So why isn't it really so? Why was Harry Reid still able to raise a healthy $1.9 million last quarter?
Let's listen to Jon Ralston on this one.
[E]ven as Reid’s hopes are resting on a post-State of the Union recovery by both the national and state economies and of the president’s standing, the Republican cannibalism cannot be overlooked. It surely is a delicious sight for Team Reid.
Lt. Gov. Brian Krolicki’s decision to reconsider the race has prompted nasty sneering by his GOP opponents behind the scenes and further indicates just how damaging this Republican primary could be. If the GOP had a clean horse to ride until November, Reid probably should be wondering what kind of improvement projects he can do around his Searchlight abode.
But once these Republicans are done with each other — you are witnessing a near-daily to and fro between Sue Lowden and Danny Tarkanian — the national GOP can pour all the millions it wants into the state. But Reid and national Democrats not only will match that, the Republicans in D.C. Central will be selling a product that some in the base may want to recall and independents may not be so willing to buy once June arrives.
Some Republicans try to argue the “primaries are good” shibboleth, which I didn’t believe even when I was a cub political reporter. You see, Reid doesn’t know which candidate to eviscerate until June, so that is to our advantage — or so the argument goes.
Please. Who would a badly damaged incumbent rather run against — someone bloodied by a primary or someone not wounded? If you don’t believe me, GOP Rep. Dean Heller made the same case on “Face to Face” last week, urging his colleagues to play nice. It will not happen.
He's right yet again. The Republicans are a hot mess. Their messaging is off. Their fundraising is dismal. Their "leadership" is in disarray.
No wonder why Dean Heller has refused to jump into the race. And no wonder why even Barbara Vucanovich has warned her fellow Republicans about Mr. Reid.
Now don't get me wrong, I know Democrats have a tough road ahead this year. Health care reform still needs to be done. Economic recovery is just beginning, and we can't afford for this to be another Bush-era "jobless recovery".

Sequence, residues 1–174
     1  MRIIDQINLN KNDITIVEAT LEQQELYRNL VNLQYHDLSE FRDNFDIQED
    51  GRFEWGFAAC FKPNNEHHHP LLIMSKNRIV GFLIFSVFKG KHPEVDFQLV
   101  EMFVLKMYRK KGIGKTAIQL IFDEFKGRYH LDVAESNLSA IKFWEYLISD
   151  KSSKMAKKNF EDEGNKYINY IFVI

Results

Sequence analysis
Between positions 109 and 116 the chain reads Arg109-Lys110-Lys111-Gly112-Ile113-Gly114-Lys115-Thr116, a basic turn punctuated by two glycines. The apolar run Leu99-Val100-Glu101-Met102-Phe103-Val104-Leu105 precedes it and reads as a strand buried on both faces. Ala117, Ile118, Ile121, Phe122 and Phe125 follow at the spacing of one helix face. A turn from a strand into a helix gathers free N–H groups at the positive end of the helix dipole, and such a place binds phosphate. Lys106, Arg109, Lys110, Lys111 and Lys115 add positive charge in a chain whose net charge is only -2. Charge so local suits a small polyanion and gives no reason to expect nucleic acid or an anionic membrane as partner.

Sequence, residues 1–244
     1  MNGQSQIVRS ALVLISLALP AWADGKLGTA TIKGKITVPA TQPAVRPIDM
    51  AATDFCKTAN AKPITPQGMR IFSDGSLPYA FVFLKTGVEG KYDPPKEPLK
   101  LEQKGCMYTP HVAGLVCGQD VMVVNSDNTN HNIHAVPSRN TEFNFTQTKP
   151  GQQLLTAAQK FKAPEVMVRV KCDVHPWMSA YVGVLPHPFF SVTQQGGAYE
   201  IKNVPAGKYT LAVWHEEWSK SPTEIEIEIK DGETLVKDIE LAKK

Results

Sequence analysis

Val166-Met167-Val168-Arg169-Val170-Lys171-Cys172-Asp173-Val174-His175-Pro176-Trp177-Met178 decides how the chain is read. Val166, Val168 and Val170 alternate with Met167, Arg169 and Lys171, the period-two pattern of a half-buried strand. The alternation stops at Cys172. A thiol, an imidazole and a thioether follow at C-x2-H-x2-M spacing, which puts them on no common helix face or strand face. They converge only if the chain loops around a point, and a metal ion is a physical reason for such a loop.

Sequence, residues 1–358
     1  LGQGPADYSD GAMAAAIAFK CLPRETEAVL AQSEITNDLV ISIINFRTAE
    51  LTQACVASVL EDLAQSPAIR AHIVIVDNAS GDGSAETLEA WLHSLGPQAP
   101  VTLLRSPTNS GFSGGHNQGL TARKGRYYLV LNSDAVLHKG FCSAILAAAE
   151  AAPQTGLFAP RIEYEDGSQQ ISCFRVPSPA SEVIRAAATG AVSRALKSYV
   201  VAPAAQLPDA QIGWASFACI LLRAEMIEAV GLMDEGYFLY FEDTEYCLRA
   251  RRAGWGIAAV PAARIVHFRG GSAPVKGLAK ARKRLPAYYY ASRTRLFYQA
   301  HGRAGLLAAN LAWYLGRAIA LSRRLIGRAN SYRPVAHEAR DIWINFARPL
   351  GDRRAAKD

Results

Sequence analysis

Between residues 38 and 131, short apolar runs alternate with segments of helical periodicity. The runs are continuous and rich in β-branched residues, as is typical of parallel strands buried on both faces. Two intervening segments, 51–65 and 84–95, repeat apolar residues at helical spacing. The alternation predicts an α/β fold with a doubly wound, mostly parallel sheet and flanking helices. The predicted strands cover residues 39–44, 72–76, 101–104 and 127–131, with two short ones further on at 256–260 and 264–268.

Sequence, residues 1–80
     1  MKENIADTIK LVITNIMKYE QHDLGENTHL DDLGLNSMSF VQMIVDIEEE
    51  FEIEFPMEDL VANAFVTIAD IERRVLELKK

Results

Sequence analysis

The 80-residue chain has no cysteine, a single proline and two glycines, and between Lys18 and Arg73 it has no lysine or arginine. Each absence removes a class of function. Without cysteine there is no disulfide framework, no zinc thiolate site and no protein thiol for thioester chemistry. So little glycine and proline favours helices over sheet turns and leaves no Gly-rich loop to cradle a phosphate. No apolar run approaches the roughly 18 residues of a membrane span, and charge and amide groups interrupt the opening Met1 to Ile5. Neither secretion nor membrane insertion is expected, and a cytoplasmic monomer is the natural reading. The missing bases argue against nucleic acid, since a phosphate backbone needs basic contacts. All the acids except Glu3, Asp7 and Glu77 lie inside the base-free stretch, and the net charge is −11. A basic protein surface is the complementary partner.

However, there is a way forward. Democrats can bring the base back home, and possibly even rebuild the tattered relationship with those fickle minded independents, by being bolder, more progressive, AND more practical. Pass complete, comprehensive health care reform with a public option that actually helps more people afford decent health care. Pass a climate bill that delivers on green-collar jobs. Pass additional economic recovery with the remaining and repaid TARP funds. (Hint: That's a better way to spend these funds than any more stupid and incredibly unpopular Wall Street bailouts.)
It's OK. I'm not expecting any consultant fees. ;-)
But anyway, combine a renewed and revived progressive and Democratic base with regaining the trust of independents and a continually disheveled Republican Party. What do we have? A 2010 election that looks much better for Harry Reid, Dina Titus, and Democrats down the ballot.
Oh, and remember that person we elected President? He may finally be getting his stride back. Joan Walsh explains.
I wasn't optimistic about Obama's plans to attend the House GOP gathering. I thought it might be more of his wrongheaded bipartisanship. I didn't raise a ruckus; it was his Friday to spend the way he wanted to. I just didn't expect much.
But like a lot of people in both parties -- especially the House GOP aides who set it up and let the TV cameras roll -- I was honstly blown away by Obama's performance. Like a lot of Democrats, I was very happy to see him engage and question and answer -- and at times kick some ill-informed and obstreperous GOP ass. I tried not to ask where this fighting man had been for these last months; he was clearly that president we voted for and I thought better late than never. [...]
[...] I [...] didn't expect someone who fulfilled all of our progressive political dreams when we voted for him in 2008. But we did expect him to tangle with -- and defeat -- his antagonists, politically, rhetorically, intellectually, sometimes morally, far more often than he has this year. So today was a relief and a revelation for a lot of us.
I am looking forward to seeing a whole lot more of this president in the coming months. Everyone who wants bipartisanship should be calling for monthly sessions like this. Sadly, but not surprisingly, Republicans aren't. GOP Rep. Mike Pence told Hardball's Chris Matthews, shortly after his draining session with the president, that he's not anxious for a rerun.
As Ralston himself has said, Reid's political fortunes are strongly tied to Obama's. And if President Obama can make a big comeback, Reid can turn around his poll numbers and pull enough of a winning campaign to really win this.
This is why I'm catching my breath right now, It may look scary now, but let's get to work... And let's get Reid and Obama to get back to work on Capitol Hill. :-)